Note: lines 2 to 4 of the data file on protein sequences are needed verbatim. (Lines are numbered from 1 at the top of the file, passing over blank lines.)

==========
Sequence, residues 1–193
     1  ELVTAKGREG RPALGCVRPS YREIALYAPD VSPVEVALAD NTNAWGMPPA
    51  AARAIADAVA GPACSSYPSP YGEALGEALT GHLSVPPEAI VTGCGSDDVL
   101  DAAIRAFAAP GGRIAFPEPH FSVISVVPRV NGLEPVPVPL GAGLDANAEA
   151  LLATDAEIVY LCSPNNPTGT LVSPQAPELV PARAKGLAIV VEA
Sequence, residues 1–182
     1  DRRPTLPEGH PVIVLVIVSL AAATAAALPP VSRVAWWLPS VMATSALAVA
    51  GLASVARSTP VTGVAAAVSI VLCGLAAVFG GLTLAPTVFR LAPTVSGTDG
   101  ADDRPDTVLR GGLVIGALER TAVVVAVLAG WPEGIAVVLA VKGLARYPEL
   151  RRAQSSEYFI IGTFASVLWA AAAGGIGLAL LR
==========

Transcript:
     1  ELVTAKGREG RPALGCVRPS YREIALYAPD VSPVEVALAD NTNAWGMPPA
    51  AARAIADAVA GPACSSYPSP YGEALGEALT GHLSVPPEAI VTGCGSDDVL
   101  DAAIRAFAAP GGRIAFPEPH FSVISVVPRV NGLEPVPVPL GAGLDANAEA